The search "property rights" yielded
33 articles

Dolphin House revisited: they’re turning it into apartments!

Two articles in a row that resuscitate topics from less than a year ago…am I losing my edge?  Maybe.  But when you’ve been hacking away at this for twelve years while using little more than social media to promote yourself (but swearing off Twitter and Patreon and Youtube), it’s hard to say what constitutes an

Wildlife fences in Western Colorado: are they keeping out or letting out the elk?

The fencing that line both sides of Interstate 70 in western Colorado may lack the iconic character of those creosote-lined barriers that flank the highways surrounding Lexington, Kentucky’s horse country.  The green of those rolling Appalachian hillsides offers a critical backdrop to the black-as-pitch (literally!) wood that lends structure to the fences in the Bluegrass

Dolphin Mansion: the country’s ugliest house hits a fascinating planning snag.

The Dolphin Mansion is up for sale again!  Indianapolis’s most notorious home has struggled to find an occupant for the last seventeen years, but it’s not for lack of trying.  Actually more of a campus with six structures on a mega-lot, surrounded by mid-century middle-class housing that’s a lot humbler (and I mean that in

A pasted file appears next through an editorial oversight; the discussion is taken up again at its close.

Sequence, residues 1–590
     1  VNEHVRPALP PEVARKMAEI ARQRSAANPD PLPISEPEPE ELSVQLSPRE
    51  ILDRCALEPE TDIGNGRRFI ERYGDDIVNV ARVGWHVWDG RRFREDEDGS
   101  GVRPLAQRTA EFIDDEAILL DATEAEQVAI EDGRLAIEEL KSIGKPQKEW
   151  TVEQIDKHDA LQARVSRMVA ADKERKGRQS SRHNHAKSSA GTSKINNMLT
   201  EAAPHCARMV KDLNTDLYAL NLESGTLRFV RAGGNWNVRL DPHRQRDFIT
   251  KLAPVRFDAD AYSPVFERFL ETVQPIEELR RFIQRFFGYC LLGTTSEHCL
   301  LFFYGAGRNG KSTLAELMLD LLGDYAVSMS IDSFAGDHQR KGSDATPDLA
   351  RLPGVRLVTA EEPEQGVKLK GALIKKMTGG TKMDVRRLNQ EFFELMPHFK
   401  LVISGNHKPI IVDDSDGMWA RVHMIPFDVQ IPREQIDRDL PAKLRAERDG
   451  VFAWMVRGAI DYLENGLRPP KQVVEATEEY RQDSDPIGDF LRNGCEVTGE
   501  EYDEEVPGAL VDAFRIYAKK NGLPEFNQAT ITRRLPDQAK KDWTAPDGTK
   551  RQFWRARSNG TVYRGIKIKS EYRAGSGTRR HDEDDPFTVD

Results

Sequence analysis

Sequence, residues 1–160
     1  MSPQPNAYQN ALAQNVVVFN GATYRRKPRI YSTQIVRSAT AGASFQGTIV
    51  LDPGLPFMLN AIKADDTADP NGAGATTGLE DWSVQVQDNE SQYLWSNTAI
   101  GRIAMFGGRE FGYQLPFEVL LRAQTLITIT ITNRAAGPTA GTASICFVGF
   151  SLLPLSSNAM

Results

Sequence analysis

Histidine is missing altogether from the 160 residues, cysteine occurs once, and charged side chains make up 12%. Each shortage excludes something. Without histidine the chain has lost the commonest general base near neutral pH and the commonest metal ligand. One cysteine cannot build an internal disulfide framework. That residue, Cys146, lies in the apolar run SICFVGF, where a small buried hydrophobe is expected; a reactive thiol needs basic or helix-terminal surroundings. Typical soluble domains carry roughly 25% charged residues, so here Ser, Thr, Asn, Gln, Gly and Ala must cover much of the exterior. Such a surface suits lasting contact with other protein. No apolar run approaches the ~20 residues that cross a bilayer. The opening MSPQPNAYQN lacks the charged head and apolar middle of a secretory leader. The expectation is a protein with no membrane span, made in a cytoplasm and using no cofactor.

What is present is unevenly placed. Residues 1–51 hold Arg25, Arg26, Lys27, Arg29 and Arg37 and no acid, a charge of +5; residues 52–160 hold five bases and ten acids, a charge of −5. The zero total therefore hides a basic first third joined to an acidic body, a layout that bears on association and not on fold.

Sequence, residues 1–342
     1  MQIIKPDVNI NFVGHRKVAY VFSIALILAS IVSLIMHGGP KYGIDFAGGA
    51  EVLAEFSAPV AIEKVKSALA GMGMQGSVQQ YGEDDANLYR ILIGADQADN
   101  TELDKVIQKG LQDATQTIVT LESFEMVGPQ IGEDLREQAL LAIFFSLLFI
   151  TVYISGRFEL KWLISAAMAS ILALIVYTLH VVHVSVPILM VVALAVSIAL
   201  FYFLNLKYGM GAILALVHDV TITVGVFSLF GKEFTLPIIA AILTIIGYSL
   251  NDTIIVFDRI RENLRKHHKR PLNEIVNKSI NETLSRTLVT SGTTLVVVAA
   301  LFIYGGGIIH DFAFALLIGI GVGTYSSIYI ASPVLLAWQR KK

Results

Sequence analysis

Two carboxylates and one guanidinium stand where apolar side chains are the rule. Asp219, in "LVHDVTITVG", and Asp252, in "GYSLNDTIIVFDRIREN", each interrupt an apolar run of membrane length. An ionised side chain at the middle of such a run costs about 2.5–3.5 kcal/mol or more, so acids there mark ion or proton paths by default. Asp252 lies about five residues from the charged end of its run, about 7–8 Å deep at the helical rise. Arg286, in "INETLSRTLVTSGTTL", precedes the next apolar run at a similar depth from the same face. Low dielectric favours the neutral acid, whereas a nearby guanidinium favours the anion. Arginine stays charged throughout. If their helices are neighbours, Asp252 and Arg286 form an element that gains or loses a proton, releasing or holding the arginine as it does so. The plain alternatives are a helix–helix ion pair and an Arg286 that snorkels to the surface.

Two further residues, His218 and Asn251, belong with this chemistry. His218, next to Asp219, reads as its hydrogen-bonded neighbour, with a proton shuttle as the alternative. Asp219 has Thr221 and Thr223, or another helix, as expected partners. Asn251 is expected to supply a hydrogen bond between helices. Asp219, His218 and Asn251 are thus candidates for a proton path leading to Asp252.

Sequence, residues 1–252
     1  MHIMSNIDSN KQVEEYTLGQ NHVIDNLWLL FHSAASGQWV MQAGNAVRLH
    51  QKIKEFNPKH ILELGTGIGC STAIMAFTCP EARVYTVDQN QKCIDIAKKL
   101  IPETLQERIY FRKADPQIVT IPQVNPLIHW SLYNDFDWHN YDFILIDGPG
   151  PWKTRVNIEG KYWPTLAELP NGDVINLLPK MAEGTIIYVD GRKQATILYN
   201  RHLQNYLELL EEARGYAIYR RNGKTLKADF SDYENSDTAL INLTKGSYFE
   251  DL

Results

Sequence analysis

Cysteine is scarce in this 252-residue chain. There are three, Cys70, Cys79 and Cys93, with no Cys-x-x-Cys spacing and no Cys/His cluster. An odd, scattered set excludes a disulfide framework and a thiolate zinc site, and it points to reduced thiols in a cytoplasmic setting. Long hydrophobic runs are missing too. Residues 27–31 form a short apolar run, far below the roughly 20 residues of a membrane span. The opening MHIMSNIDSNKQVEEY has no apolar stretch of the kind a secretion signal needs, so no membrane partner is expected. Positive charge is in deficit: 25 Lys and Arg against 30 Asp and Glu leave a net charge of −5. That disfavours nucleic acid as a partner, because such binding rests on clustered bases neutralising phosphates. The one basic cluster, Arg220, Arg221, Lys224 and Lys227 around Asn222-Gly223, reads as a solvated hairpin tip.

Classical music and crime prevention: 7-Eleven is just the start.

Several weeks ago I noted what I believe is a misbegotten campaign loosely branded “hostile design”, which seeks to galvanize criticism toward the now-ubiquitous effort of preventing people from getting too comfortable in shared public spaces—so comfortable it constitutes (in some people’s option) outright abuse of that shared civic trust.  We’ve all seen examples: carefully

Directional arrows in excess: the squires’ turf wars cause serfs’ confusion.

“Too many cooks…”  It was an aphorism decades before it became a cult short film–maybe even centuries.  We all know how it ends.  And we can all think of examples.  After thirteen years at the helm of this blog (American Dirt is finally a teenager!), I had to use my website’s own search function to

High tension wires in Pickwick Commons: maximizing utility out of utility line ROWs.

For the small handful of people who are this blog’s devotees, the image below may be a tiny bit familiar.  I’ve covered this small subdivision in New Albany, Indiana once before.  The name is Pickwick Commons, an age-restricted townhome development in which the retirement-age residents retain (at most) a small garden plot to cultivate, but